cover image The Way We Die Now: The View from Medicine’s Front Line

The Way We Die Now: The View from Medicine’s Front Line

Seamus O’Mahony. St. Martin’s/Dunne, $26.99 (304p) ISBN 978-1-250-11279-8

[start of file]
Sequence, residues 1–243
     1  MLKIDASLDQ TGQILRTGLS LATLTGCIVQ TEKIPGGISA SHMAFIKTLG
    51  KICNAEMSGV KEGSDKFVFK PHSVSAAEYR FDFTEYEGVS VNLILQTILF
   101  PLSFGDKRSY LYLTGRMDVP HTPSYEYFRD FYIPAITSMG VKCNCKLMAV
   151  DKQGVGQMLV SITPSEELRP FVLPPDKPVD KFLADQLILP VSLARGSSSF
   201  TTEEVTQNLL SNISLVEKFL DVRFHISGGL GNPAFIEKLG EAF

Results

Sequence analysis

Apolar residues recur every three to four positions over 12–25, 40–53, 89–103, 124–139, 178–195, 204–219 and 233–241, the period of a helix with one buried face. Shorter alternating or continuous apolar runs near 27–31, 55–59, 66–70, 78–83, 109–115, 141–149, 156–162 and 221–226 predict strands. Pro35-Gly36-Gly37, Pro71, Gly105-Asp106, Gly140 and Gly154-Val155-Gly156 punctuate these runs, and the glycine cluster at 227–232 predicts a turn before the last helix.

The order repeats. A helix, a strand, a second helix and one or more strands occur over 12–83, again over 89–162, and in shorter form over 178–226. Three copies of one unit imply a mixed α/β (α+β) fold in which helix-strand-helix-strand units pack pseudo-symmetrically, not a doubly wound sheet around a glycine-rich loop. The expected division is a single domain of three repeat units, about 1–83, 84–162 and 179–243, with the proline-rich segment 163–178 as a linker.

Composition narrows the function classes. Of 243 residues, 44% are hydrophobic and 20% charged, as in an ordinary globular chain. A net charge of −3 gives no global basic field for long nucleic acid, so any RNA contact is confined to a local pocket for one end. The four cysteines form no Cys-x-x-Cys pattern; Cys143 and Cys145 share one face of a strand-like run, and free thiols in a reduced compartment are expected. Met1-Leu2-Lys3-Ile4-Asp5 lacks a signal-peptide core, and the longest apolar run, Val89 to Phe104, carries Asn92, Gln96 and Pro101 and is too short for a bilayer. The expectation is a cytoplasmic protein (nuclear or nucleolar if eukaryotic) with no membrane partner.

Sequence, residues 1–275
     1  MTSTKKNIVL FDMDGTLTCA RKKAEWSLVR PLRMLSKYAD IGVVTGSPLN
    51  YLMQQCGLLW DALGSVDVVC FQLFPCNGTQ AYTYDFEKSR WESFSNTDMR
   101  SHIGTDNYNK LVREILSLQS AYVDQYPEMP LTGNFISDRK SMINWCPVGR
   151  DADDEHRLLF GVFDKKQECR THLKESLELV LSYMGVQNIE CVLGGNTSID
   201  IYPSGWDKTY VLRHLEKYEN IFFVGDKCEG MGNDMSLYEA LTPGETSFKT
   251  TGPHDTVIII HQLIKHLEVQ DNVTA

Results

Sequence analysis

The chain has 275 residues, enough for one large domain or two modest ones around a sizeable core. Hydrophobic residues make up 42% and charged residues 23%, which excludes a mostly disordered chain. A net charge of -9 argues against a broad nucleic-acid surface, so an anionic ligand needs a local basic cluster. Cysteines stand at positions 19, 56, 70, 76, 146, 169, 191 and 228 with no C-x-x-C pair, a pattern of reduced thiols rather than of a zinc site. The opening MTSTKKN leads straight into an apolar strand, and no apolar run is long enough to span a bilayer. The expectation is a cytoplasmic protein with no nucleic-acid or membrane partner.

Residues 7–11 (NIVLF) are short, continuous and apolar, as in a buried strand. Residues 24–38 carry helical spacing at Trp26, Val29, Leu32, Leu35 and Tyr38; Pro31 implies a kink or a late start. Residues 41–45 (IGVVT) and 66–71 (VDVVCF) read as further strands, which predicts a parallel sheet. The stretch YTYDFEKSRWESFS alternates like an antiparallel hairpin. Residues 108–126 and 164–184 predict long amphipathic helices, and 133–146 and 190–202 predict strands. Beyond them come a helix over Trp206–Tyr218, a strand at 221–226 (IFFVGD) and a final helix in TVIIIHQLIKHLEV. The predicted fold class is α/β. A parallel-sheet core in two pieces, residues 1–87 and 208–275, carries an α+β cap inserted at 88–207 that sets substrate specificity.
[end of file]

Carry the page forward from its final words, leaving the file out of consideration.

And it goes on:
Irish gastroenterologist O’Mahony adopts an extraordinary view of end-of-life care in the 21st century, exploring the difficult conversation that many doctors have come to avoid in a world of consumer-friendly medicine. O’Mahony persuasively argues for telling dying patients “things they do not want to hear,” thereby becoming the “amicus mortis” who “tells you the bitter truth and stays with you to the inexorable end.” He writes from his own experiences with people dying in hospitals, as well as those of friends and family. O’Mahony also reflects on the accounts of writers and philosophers, including Phillipe Ariès, Ernest Becker, Christopher Hitchens, Ivan Illich, and Susan Sontag. He tracks the medical movement toward living wills and assisted suicide as “informed by a passion for personal autonomy: for control,” eloquently reasoning that “human agency has replaced the powers of nature, ‘majestic, cruel, and inexorable.’ ” Death is messy and always will be, he notes, and “eventually, inevitably, nature, or the syringe-driver, takes control.” The “over-medicalization” of modern dying is at the core of O’Mahony’s criticism; he maintains that doctors might better help their dying patients by giving up “the quest to conquer nature” and returning “to a core function of providing comfort and succor.” O’Mahony’s clear-eyed analysis is important, poignant, and immensely humane. (July)